Dog flicked out a warm wet tongue and licked the tears that traced the lines of Marybelle’s weathered face. She pressed her face against Dog’s then kissed her muzzle and stood up. She took a half step away from Dog.

Courage gathered like a tattered garment, she looked into Dog’s eyes. “I can’t go there, Dog. I haven’t been a good person. There’s things…” she glanced away and swallowed the lump in her throat. When she looked back, she blinked away the tears. “There’s things I’ve done; things I’ve said that were wrong. I’ve…I’ve hurt people. Over there,” she raised a thin arm and waved toward the shining bridge. “Over there is for good people, people like you, Dog. Go on. You deserve to be there.” She turned and moved away from the dog.

She’d only gone a few steps before she felt the cold nose against her dangling hand. She squatted next to the dog. “Oh, Dog.” She buried her face in the brittle black fur. When she lifted her face, she hugged the dog and stood. “Looks like you aren’t going to go, if I don’t.” Heart pounding, she gave a slight nod as if confirming her own decision. “I’ll go with you, Dog, because you deserve to be over there.”

Dog pressed tight against her leg as they walked onto the glowing bridge. The golden light enveloped them, warmed them.

Halfway across the bridge Marybelle stopped and gazed over the railing. Below, a broad, placid river flowed. As they drew nearer to the far side, a beautiful meadow ablaze with blue and yellow and orange flowers rolled out as far as she could see. Her eyes rounded.

When they reached the end of the bridge, a melodic voice spoke. “I see you’ve helped her to Cross, Dog. I knew you could. Well done.”

Marybelle raised her eyes and gazed into the milk chocolate face and dark chocolate eyes. “Momma?”

The woman spread her arms and Marybelle ran into them.

The End

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PHOTO CREDITS: Old dog–Anne Lowe    Christmas tree–Anna Langova  (all-free-download.com)


#Halloween Month! A Month of Scary!

#October is #Halloween Month, All-Hallows Month! I will celebrate by making it A Month Of Scary!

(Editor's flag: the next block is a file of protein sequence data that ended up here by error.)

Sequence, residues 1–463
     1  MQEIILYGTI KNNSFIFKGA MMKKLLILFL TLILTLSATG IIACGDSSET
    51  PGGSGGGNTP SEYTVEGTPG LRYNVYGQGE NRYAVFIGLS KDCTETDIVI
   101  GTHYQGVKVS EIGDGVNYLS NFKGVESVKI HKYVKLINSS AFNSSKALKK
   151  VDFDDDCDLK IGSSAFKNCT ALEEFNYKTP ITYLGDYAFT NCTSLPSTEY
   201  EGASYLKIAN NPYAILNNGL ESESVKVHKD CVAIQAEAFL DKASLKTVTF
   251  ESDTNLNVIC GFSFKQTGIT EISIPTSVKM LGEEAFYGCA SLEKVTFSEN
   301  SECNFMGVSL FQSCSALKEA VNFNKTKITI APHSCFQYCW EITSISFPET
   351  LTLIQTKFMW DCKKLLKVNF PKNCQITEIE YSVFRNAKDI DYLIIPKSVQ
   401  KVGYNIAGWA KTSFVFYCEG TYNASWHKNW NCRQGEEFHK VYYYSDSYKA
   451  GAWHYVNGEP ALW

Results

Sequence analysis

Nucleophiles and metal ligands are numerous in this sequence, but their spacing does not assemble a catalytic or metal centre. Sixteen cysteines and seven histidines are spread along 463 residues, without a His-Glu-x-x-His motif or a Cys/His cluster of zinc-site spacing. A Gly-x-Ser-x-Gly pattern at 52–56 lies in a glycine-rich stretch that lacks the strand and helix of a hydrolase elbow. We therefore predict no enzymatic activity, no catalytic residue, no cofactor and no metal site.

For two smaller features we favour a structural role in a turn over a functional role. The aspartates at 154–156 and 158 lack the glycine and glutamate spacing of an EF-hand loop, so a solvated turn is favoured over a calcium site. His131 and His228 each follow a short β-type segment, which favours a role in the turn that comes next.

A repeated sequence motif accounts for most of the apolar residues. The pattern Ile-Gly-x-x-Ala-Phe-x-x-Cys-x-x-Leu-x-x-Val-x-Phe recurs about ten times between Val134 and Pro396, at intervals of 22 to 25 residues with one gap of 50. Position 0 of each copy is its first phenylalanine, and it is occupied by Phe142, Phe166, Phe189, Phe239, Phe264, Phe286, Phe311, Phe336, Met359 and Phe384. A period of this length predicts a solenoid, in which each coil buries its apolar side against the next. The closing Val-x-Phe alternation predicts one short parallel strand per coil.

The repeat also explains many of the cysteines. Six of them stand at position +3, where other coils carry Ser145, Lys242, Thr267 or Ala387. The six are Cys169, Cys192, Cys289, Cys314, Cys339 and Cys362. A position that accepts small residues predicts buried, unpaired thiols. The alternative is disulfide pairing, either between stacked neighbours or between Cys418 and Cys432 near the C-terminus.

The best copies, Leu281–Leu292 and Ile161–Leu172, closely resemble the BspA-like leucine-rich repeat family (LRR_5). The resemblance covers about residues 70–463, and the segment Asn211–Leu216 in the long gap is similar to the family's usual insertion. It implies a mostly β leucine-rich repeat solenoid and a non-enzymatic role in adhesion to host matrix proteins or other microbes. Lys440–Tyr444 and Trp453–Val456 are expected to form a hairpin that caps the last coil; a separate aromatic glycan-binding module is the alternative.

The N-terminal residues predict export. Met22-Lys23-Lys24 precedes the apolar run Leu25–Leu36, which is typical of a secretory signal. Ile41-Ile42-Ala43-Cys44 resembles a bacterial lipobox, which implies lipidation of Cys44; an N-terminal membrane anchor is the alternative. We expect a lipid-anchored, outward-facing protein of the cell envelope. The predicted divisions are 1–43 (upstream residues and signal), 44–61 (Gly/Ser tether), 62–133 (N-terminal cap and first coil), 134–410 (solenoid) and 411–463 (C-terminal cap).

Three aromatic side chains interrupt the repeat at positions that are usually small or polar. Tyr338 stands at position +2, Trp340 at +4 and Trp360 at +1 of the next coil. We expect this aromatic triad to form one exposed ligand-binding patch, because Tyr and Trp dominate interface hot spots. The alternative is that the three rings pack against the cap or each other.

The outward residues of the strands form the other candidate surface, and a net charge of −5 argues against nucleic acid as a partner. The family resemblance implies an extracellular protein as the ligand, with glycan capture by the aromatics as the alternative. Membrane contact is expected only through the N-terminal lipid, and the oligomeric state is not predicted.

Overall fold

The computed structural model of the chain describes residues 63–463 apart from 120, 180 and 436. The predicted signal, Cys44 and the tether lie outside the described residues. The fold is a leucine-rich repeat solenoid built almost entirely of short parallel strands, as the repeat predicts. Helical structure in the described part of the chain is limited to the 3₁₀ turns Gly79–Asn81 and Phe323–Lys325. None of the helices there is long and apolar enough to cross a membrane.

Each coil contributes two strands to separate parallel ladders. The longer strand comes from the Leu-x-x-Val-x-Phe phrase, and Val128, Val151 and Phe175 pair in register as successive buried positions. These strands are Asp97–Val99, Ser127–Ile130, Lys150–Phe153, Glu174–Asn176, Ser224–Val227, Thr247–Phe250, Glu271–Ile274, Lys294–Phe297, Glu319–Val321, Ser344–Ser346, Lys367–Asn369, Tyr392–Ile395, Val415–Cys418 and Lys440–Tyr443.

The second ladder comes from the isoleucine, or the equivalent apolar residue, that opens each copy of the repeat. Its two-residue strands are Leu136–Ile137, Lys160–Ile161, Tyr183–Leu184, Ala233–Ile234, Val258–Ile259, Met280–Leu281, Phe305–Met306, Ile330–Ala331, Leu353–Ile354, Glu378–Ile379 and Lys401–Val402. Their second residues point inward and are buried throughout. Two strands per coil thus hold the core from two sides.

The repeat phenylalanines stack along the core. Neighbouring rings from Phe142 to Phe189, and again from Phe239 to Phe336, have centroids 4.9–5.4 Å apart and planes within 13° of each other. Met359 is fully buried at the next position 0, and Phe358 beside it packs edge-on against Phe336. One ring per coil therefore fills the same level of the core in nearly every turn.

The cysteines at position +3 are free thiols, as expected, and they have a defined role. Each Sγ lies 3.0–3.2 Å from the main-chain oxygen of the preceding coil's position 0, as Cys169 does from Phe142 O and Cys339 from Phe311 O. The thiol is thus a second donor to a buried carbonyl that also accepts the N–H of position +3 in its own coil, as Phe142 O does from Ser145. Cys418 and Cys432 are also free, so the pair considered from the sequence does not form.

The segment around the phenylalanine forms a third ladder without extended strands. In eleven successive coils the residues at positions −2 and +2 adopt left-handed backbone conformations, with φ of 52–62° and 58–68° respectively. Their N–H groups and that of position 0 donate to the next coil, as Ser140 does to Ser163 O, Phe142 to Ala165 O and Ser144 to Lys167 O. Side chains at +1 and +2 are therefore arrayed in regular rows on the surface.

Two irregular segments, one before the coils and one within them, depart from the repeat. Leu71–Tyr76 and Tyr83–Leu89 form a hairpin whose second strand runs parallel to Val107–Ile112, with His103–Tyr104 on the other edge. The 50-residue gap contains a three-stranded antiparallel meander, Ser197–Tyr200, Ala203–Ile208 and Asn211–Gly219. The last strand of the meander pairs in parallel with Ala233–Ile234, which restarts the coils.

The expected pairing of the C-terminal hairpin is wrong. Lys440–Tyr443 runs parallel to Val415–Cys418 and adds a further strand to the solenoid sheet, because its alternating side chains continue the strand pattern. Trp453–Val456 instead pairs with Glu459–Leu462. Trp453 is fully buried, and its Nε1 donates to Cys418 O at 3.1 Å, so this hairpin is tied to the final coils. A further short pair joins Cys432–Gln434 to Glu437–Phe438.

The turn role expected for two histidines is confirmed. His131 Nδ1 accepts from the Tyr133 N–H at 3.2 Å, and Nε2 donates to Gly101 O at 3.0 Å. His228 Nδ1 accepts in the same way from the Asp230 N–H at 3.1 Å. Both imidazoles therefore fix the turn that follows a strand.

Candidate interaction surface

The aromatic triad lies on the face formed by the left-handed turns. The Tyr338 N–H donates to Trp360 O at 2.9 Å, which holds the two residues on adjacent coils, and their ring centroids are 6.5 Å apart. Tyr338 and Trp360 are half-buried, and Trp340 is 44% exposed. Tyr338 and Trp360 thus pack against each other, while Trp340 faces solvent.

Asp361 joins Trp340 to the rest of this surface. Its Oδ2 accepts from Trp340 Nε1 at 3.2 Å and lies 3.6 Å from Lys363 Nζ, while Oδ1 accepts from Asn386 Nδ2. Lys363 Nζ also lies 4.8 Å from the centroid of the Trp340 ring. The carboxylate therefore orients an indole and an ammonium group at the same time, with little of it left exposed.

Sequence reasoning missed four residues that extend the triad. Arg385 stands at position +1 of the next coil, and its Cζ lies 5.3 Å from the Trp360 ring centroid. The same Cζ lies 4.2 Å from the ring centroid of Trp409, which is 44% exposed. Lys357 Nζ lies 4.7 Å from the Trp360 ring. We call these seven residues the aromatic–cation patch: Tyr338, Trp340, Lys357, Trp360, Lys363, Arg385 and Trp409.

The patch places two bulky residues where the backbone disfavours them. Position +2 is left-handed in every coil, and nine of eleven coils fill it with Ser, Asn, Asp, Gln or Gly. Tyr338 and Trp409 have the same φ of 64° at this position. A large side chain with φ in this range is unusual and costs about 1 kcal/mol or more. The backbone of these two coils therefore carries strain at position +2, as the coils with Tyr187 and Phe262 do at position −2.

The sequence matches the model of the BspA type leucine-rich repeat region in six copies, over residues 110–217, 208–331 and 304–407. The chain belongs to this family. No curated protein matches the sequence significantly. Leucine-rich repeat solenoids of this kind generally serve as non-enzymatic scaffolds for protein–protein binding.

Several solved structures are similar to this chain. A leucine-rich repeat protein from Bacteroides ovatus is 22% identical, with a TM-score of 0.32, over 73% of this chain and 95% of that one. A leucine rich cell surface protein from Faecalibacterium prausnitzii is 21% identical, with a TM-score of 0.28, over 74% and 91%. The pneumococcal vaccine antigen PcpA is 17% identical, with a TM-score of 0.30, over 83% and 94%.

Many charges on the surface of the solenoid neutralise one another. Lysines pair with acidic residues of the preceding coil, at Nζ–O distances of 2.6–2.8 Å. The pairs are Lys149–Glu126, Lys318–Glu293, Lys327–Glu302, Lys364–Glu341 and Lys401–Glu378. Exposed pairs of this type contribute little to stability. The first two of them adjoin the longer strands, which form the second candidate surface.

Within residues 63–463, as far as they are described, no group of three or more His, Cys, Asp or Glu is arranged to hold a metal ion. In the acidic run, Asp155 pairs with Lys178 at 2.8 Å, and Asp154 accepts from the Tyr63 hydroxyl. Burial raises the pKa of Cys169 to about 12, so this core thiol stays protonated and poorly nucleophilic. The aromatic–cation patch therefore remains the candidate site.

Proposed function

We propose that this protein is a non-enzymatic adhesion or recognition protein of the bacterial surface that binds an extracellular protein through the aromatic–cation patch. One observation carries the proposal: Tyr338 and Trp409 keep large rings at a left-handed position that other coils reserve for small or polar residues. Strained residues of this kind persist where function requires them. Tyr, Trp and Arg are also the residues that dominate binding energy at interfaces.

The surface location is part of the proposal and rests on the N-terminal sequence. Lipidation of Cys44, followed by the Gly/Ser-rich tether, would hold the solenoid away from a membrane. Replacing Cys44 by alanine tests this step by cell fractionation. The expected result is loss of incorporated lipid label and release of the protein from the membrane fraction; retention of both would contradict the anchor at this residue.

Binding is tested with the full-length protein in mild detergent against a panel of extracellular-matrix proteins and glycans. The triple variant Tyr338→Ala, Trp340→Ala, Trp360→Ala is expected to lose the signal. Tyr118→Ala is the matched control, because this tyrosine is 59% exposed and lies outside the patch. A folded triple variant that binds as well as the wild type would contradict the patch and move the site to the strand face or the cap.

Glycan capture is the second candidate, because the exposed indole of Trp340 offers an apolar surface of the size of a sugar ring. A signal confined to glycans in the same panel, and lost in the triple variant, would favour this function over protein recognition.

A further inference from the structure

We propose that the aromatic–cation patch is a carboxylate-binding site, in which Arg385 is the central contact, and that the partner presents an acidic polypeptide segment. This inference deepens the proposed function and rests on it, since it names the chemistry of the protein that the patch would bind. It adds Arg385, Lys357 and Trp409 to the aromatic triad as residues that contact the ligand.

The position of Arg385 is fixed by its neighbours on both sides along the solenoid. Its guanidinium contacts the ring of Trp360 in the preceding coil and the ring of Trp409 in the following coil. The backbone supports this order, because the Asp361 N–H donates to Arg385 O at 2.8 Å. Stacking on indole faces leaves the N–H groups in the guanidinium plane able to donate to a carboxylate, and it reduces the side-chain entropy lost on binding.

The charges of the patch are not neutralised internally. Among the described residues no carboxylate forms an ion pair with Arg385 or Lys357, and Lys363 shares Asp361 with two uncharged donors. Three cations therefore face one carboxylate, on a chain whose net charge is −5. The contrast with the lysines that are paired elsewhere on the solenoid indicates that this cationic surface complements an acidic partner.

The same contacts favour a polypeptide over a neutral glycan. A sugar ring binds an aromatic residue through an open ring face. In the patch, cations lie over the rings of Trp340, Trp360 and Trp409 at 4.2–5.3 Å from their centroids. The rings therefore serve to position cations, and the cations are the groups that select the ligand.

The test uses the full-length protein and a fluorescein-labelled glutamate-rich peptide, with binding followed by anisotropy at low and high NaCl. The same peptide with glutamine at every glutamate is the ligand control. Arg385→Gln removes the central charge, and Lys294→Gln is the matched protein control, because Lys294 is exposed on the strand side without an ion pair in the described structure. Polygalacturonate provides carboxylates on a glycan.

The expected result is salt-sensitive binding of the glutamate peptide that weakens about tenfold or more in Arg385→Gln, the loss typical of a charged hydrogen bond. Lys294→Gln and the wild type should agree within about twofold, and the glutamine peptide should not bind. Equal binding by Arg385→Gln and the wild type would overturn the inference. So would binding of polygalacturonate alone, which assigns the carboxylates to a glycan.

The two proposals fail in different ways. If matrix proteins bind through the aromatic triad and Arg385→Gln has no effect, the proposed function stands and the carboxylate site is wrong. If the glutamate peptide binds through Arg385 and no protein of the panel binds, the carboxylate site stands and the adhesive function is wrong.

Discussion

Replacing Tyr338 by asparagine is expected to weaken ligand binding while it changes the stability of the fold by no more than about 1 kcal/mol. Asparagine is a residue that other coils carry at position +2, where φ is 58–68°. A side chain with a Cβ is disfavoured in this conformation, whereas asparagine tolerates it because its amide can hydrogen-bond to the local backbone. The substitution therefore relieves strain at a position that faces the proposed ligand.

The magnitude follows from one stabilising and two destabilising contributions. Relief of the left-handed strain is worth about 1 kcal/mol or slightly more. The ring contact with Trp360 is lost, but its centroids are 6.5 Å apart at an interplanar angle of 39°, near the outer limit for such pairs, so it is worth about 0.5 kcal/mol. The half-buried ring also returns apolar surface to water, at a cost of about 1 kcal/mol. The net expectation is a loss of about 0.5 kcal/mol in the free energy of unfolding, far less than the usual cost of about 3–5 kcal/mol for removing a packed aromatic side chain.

October 1: I will discuss the meaning of Halloween on my blog and post Chapter 1 of Artemis’ Warriors, Book 1, The Vampire War. In addition, this will be one of the FEW times that my email friends will receive more than one notification per week from me. On October 1, I will send the first two chapters of my upcoming thriller–Attack!

October 8: Five Books that scared me. On this day, I will share five books that truly disturbed me. Not all horror is paranormal.

Oct 15: Five Scary Things that Made Me Write. Many things motivate an author. On this day, I will share five of those occurrences.

Oct 22: Five Scary Things I Wrote About. Though I do not write horror books, there are several subjects that are tackled in my novels that are truly scary.

Oct 29: A Scary/Paranormal Short Story. Then, there are those incidents that no one can explain…. It’s not always wise to walk around alone, after dark!

Great October Reads:
Dead Men and Cats, a novella
On October 1, 35 copies of Dead Men and Cats will be given away! Stay tuned to my BLOG for the latest on how to grab your #FREE #Ebook!

Looking forward to seeing you! Oooooooo!



I am going on a much needed vacation, but wanted to leave something for all of my wonderful readers. I will return in a couple of weeks. Until then, enjoy this story.

“Humankind has not woven the web of life. We are but one thread within it.

Whatever we do to the web, we do to ourselves.

All things are bound together. All things connect.

–Chief Seattle


June 25

I have to get back to the ranch. Grandmother is probably worried sick. Two weeks ago–it doesn’t seem that long–mom and grandmother sent me here to Bald Peak. “I have watched you,” grandmother said, “for many days. You’re here. You’re there. You can’t sit still. You don’t sleep well.”

When I looked at her, startled, she nodded. “Yes, I awakened a number of nights  when I heard something disturbing the horses. I watched from the window until you returned.”

“I don’t know what it is , grandmother. These dreams, I can’t recall except to feel there’s  something I have to do.” I glanced away from her black eyes, staring out towards the mountains  that rose up from the back of our pasture and towered above the small patch of woods.

Mom walked into the kitchen, poured herself a cup of coffee and sat down. She waited quietly to see if grandmother had anything to say. While the quiet stretched on, we all  sipped our coffee.

This was how I’d grown up. My friends thought we were weird. Whenever  their parents were quiet they were either mad or ignoring the kids. Only Angie, my Quaker  friend, understood the concept of waiting for the spirit to speak.

Finally mom spoke. “The  ancestor whose name you carry was very traditional. As a young person she spent many days in the mountains, fasting and praying, looking for her spirit help.”